Second, Singapore will ramp up its efforts to grow the size and capabilities of local enterprises in advanced manufacturing to create better job opportunities for Singaporeans. Tailored support will be offered to promising enterprises through programmes such as Scale-Up SG, an 18-months programme that helps selected high-growth local companies expand. The programme aims to accelerate the companies’ growth so that they will be able to contribute significantly to Singapore’s economy and create good jobs for Singaporeans. Local companies will also be able to collaborate with leading manufacturing companies through the Global Innovation Alliance (GIA), a network of Singapore and overseas partners in major innovation hubs and key demand markets, with a focus on technology and innovation. The joint initiative between Enterprise Singapore and EDB, partners in-market players across GIA cities will run inbound and outbound GIA Acceleration Programmes to connect companies to overseas business and tech communities. The GIA Acceleration Programmes support Singapore startups and SMEs in venturing abroad. They also help International startups in scaling up in Asia through Singapore as a springboard.
Third, the Government will work with polytechnics and universities to make engineering and manufacturing attractive to students. “Manufacturing is no longer about repetitive tasks done in a structured environment. In fact, today, the biggest challenge for the engineering and advanced manufacturing sector is how fast we are able to innovate and prototype new products and services,” Mr Chan said.
Singapore Economy 2030
On 4 March 2022, Singaporean Minister for Trade and Industry Gan Kim Yong unveiled a new plan to strengthen local businesses in various sectors, with an aim to significantly grow the city-state’s trade volumes by 2030. In greater detail, Mr Gan noted the plan will be driven by separate strategies that will provide direction and coordinate actions across the four key pillars of the economy – manufacturing, trade, services and enterprises.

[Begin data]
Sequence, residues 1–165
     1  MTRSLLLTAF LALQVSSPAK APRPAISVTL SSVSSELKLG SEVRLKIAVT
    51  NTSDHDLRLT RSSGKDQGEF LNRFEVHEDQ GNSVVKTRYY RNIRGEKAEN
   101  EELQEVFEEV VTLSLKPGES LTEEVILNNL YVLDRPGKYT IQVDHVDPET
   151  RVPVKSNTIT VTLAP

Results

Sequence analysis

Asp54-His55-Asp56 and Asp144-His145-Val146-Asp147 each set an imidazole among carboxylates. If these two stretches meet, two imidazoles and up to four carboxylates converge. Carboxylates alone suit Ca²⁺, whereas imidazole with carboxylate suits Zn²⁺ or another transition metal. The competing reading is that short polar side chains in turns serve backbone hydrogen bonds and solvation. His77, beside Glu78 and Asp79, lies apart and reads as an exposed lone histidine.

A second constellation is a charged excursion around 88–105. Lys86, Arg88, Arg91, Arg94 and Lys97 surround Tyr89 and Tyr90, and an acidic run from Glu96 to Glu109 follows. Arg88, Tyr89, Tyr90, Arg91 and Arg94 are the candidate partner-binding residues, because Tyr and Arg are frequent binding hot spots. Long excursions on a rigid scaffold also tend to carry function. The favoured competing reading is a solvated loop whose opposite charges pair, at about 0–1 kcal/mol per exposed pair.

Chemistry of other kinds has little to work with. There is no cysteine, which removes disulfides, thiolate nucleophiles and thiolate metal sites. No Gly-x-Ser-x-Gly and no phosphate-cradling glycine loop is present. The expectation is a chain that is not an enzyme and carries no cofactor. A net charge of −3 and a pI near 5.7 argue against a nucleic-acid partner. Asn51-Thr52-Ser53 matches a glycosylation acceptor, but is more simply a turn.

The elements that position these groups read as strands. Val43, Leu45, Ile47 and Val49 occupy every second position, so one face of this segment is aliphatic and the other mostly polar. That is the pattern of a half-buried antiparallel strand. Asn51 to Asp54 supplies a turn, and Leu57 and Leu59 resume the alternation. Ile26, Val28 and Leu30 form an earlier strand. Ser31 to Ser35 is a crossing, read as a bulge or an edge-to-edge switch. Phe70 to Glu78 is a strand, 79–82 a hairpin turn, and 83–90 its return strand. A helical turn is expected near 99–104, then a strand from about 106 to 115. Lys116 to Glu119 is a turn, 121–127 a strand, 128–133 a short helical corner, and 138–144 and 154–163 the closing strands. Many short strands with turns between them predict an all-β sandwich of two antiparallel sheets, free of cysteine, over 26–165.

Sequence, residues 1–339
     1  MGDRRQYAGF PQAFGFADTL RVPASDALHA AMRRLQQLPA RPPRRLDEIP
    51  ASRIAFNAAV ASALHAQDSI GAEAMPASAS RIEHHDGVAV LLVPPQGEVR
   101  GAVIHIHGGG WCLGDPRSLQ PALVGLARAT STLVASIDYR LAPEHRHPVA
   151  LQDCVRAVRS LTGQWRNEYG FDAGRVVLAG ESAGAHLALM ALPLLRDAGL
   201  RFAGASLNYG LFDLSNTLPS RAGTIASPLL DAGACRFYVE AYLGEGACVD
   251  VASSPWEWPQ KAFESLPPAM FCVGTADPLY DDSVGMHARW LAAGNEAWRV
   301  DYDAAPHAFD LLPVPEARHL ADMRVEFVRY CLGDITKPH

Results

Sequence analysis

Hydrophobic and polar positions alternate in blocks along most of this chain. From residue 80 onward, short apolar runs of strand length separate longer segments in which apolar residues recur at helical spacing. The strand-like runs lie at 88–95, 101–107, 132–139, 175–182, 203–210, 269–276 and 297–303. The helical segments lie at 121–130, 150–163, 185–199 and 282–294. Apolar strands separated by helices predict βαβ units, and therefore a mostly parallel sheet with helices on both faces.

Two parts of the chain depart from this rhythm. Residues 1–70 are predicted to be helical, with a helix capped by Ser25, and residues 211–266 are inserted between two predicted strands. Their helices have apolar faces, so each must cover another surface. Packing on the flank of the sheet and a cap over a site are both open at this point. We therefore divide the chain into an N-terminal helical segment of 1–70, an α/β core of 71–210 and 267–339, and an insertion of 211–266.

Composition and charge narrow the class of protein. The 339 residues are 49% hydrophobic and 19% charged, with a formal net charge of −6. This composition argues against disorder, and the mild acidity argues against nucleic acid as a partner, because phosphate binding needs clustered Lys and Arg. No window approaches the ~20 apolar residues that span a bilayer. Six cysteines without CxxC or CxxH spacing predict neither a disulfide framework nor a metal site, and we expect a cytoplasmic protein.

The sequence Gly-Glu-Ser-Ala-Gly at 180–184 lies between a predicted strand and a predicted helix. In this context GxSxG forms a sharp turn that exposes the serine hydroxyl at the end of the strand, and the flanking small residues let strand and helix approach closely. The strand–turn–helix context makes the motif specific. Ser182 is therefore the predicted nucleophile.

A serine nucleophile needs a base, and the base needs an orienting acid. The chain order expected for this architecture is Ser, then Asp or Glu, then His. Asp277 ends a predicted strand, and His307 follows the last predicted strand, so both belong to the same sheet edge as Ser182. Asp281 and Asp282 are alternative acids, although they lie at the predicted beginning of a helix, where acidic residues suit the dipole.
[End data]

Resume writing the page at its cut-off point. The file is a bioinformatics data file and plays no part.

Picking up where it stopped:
The Singapore Economy 2030 vision for manufacturing, trade, services and enterprises will put Singapore’s industries, enterprises, and workers on a firmer footing for long-term, sustainable growth over the next decade.
On the manufacturing front, the master plan lays out new initiatives under Singapore’s Manufacturing 2030 strategy announced in 2021, which aims to grow manufacturing value-add by 50 percent. Support measures will include “bespoke support for manufacturers with strong potential, to deepen their capabilities and expand their global reach”.
Mr Gan also spoke on the need to develop a strong local pipeline of talent and ensure that Singaporeans can access good jobs in the sector. To do so, companies will have to offer attractive career progression pathways in line with technological changes, and ensure these prospects are accessible.
To develop human capital for the manufacturing sector, M2030 Careers Initiative was launched on 4 March 2022, to train polytechnic and Institute of Technical Education (ITE) graduates.
The initiative will see collaboration among companies, polytechnics, and technical institutes to identify young graduates in engineering or technical education with relevant skills to the industry.
This includes the development of a handbook for employers, covering a range of best practices and resources to help manufacturers develop structured career progression pathways for their employees.
The Singapore Precision Engineering and Technology Association, which is developing the handbook with industry partners and the institutes of higher learning, will identify and work with at least 20 companies to pilot the adoption of these practices and pathways.
The initiative will offer at least 200 internships for ITE students from 60 companies by the end of 2022, as well as a pilot grant to hire ITE graduates for critical technician and assistant engineer roles.
In addition, an Accelerated Pathways for Technicians and Assistant Engineers (Manufacturing) Grant will be piloted with selected companies.